On a low memory condition, all the views from those 'inactive' view controllers will be unloaded. As your dismissSettings method is declared on the Main Controller, when it is called it is very possible that all the elements from your main view are nil. I don't know what kind of operations are contained in the "Reload some other stuff" code, but I guess something related to the view is making the method fail.

I would suggest moving all the reloading code related to the view to the viewDidAppear method as it will be guaranteed to have the view loaded.

On the other hand, I would recommend you to move implement the dismiss method on the actual setting view controller (remember that it should be something like [ self.navigationController dismissModalViewControllerAnimated:YES]; as you need to dismiss the navigation controller). At least, this is the way I've always done this and never has failed me. The logic being that I don't want inactive view controllers to run any logic.

Finally, as you mention that you are targeting to iOS 5 and above, I would greatly recommend moving your project to ARC. It's easier to do than what it seems, and once that you have moved, it is truly great.

Another possible reason for your problem is that you are calling to your dismiss method using notifications and that your main controller is unsubscribing from that notifications on the viewDidUnload method. Keep in mind that the viewDidUnload method will be called when the low memory condition triggers!

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Nothing is in the viewDidReceiveMemoryWarning methods except the call to the super implementation –  Moshe Jan 27 '12 at 14:24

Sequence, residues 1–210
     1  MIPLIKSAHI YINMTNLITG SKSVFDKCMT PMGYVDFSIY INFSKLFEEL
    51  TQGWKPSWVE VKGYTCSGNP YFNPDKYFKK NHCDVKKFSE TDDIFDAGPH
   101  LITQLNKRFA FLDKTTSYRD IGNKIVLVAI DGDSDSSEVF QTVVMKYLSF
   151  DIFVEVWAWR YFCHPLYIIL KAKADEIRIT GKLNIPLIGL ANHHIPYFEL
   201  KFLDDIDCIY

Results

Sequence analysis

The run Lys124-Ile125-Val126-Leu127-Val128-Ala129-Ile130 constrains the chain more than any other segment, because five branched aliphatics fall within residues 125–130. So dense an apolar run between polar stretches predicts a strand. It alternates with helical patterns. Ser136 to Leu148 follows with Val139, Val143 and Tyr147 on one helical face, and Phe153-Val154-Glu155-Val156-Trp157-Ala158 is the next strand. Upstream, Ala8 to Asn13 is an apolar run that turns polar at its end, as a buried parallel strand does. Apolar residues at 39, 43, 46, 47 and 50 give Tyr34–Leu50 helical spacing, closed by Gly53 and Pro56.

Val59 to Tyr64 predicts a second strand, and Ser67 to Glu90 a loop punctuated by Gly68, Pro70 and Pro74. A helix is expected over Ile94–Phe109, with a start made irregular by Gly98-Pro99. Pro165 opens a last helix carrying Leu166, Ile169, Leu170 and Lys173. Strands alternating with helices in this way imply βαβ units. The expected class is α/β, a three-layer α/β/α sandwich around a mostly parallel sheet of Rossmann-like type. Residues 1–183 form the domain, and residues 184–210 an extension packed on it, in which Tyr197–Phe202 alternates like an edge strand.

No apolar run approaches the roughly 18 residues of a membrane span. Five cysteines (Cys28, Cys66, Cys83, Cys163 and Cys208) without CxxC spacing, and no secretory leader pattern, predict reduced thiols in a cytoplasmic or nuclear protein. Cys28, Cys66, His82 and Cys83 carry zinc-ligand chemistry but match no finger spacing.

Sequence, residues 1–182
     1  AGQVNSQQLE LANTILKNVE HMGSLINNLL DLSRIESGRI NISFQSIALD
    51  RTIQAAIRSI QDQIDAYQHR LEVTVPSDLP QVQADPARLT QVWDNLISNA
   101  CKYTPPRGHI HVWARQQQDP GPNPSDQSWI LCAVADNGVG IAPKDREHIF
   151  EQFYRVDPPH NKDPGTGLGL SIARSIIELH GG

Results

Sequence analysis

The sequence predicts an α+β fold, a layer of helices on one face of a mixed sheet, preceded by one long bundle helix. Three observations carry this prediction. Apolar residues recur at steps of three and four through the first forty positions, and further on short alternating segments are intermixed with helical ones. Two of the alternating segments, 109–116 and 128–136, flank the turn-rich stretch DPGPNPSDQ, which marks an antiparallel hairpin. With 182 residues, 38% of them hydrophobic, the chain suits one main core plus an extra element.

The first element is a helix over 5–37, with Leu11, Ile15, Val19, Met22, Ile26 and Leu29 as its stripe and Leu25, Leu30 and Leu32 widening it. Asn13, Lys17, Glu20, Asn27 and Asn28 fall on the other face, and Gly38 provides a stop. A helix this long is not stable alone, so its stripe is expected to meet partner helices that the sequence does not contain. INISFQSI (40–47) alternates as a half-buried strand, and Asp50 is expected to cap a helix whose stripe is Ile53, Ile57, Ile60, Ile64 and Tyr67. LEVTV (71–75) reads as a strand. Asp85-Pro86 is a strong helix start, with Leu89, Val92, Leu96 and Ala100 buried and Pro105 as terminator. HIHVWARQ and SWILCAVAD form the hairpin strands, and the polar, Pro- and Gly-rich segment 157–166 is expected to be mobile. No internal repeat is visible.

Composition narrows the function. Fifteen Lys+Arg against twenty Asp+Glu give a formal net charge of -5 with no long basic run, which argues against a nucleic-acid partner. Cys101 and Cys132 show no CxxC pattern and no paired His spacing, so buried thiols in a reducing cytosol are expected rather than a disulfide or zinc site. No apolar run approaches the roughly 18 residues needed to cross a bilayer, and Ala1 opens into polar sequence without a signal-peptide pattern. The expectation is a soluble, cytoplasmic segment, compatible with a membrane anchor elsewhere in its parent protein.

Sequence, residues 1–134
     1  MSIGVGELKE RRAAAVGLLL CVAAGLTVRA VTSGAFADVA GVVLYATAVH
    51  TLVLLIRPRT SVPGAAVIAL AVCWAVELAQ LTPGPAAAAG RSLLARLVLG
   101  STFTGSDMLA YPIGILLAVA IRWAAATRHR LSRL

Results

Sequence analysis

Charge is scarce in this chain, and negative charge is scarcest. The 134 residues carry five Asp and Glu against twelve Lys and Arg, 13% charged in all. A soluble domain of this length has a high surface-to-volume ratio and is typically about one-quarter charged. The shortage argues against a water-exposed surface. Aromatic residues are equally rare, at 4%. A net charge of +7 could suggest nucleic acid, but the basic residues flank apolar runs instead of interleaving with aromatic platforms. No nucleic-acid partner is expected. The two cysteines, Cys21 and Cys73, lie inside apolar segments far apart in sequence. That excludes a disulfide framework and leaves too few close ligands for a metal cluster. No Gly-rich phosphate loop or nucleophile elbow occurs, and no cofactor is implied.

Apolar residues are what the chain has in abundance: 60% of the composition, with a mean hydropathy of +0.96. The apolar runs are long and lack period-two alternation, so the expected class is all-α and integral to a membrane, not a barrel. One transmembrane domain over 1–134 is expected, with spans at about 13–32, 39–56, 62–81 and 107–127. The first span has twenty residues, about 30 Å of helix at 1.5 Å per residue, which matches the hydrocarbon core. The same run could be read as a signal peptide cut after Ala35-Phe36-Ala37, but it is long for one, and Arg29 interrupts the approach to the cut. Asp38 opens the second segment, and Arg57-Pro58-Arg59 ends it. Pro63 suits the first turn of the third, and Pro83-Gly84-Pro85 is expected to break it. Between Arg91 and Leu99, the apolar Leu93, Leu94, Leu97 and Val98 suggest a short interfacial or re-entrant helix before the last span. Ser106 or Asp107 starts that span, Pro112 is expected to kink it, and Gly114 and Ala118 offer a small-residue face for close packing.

Ok, and does the Settings View Controller have any reference to the Main View Controller? Also, as most probably the view from the Main View Controller is being deallocated, you should verify what's inside the viewDidUnload method from the Main View Controller. –  flainez Jan 27 '12 at 14:49
    
Nope, no reference to the main view controller. The hierarchy is: Main Window -> Main View Controller -> Settings View Controller –  Moshe Jan 27 '12 at 16:21
    
I'm assuming you are presenting the Settings View Controller modally. Is that true? How do the methods for showing/dismissing the view controller look like? –  flainez Jan 27 '12 at 16:53
    
I added code to the original post –  Moshe Jan 27 '12 at 17:13

First thing is to find out what is causing the memory warning. Use Instruments and check for leaks. If you are using ARC, this should be a problem - but obviously something is seriously wrong for a memory warning to occur. Fix this and you have fixed your problem.

That said, the OS will shut down applications when memory starts getting short. Background applications are usually the first to go, but many times if the leak is bad enough, the time period between when background apps are terminated and the time when the running app is also terminated can be short.